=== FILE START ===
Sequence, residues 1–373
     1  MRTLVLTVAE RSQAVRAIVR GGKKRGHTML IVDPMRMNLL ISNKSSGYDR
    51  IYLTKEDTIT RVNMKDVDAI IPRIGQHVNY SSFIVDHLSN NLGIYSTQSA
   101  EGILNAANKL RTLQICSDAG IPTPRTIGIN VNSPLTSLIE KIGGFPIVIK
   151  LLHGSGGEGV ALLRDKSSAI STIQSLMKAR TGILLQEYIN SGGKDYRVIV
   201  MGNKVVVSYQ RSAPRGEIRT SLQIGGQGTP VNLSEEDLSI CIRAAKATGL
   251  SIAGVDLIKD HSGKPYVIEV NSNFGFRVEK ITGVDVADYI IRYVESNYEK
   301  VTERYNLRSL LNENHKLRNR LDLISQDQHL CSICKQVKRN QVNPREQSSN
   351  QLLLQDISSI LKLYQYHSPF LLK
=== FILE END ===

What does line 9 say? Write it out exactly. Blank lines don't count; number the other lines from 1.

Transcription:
   351  QLLLQDISSI LKLYQYHSPF LLK